Earlier this month Slack closed a $250 million funding round led by Softbank. This investment valued Slack at $5.1 billion.
This summer there were reports that Amazon was thinking about acquiring Slack for a cool $9 billion.
I’d like to use the use this $5 billion Slack valuation to push back on the meme that we are in the midst of an edtech bubble.
It has been about a year that I asked you to convince me to Slack. My colleagues convinced me, and I’ve been using the platform ever since.
Do you Slack?
In the first half of 2017 US edtech investments equaled $887 million. In all of 2016 the amount of edtech funding was $1 billion.
Having spent a year with Slack, I can say two things about the platform. First, Slack is great. Your team should try it if you are looking for a collaboration platform.
Second, I would not pay for Slack.
Slack may be a good way to get a team out of e-mail. But Slack is not the only way to meet a team’s needs for a social/productivity space. Moreover, Slack is not particularly sticky. We don’t put critical files or conversations on Slack. It could disappear, and we’d move on and find something else.
Many of the edtech platforms that we use in higher education are a different story. We pay to use these platforms, and would find it challenging to switch. They are valuable and sticky.
Let’s take Instructure – the company behind the Canvas learning management system (LMS) – as a comparative example.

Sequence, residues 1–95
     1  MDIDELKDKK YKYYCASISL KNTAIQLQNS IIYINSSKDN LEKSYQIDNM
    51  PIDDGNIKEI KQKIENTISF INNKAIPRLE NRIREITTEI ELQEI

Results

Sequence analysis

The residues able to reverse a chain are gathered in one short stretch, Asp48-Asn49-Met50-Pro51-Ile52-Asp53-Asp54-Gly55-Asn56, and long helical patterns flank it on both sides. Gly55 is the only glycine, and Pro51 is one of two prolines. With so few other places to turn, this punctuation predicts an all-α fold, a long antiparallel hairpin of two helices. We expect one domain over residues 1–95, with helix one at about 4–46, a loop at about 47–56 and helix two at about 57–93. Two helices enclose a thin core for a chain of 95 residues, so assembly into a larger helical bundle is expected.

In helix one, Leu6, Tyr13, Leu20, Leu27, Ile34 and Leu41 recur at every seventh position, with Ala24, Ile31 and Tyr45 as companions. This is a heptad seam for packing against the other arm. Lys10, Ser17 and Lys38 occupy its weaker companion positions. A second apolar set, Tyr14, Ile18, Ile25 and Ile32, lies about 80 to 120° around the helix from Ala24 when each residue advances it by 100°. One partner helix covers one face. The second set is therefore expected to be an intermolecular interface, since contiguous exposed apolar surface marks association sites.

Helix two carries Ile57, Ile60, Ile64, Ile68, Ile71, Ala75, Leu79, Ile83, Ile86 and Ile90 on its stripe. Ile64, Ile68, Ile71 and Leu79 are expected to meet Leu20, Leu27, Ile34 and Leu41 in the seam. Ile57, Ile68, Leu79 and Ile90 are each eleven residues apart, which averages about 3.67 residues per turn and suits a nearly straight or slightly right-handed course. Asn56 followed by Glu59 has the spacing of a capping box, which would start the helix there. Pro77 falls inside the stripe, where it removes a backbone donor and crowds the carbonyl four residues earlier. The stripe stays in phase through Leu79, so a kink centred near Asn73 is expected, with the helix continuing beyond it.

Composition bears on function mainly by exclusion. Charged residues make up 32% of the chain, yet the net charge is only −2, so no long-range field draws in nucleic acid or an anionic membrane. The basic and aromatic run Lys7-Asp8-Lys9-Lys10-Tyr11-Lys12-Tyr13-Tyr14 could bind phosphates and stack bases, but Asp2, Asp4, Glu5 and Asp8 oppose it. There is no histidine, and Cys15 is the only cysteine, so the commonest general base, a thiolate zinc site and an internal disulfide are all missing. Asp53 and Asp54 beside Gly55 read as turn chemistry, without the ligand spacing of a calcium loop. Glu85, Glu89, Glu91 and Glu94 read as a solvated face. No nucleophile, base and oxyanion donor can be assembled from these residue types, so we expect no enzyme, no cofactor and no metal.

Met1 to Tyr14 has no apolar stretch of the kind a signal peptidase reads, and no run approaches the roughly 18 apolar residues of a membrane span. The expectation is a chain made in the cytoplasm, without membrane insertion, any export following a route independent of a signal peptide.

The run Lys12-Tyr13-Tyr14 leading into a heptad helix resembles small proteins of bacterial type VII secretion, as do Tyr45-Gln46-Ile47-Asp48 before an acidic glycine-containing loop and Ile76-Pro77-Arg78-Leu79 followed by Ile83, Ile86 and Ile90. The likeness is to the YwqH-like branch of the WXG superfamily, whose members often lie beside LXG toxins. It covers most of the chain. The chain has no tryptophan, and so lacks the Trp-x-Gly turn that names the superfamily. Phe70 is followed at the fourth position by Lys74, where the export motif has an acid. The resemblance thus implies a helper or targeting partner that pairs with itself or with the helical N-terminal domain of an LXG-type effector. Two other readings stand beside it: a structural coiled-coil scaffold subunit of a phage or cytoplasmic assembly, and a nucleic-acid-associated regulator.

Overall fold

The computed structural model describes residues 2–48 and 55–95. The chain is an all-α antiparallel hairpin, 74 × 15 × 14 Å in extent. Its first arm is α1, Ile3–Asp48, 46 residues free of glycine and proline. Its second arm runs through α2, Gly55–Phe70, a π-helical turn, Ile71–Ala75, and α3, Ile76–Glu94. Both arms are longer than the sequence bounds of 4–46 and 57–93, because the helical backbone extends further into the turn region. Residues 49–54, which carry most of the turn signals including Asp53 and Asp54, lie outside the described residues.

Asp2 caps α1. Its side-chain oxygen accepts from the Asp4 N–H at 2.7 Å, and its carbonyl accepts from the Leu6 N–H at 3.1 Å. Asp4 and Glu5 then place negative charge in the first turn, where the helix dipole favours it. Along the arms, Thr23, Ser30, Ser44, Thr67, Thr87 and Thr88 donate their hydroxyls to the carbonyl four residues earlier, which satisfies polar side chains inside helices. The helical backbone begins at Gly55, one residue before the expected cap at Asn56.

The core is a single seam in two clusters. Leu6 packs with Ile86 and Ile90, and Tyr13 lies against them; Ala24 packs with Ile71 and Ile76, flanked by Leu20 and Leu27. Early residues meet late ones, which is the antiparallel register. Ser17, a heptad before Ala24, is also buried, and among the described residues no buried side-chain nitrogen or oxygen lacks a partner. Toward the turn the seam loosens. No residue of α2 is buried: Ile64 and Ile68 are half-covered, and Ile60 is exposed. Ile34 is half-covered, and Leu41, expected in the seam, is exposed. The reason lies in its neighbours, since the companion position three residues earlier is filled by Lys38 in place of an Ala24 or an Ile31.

Instructure has a valuation of just under $1 billion. ($974 million). The only reason that Instructure is not making money now is that they are furiously investing in expanding their footprint and improving their product. Investing to sign up new customers makes sense for Instructure, as these will be long-term clients.
Slack has about 1.5 million customers paying $80 to $150 a year, and 5 million freeloaders. At a $5 billion valuation each slack customer is values at somewhat above $3,000. I’m having a hard time placing the lifetime value of a Slack customer at anywhere neat that dollar amount. Especially since I place my lifetime value of paying for Slack at $0.
I am going to make the perhaps unpopular claim (especially in this community) that the edtech market is undervalued.
If I were not spending every last time that I had on paying two college tuitions (another story) than I would be investing in Instructure and other edtech companies. (Actually, I believe in investing in index funds, as I’m definitely not smart enough to beat the market. But if I did invest in individual companies then I’d invest in edtech).
How do you make sense of the world of edtech investments?
What do you think Slack is worth?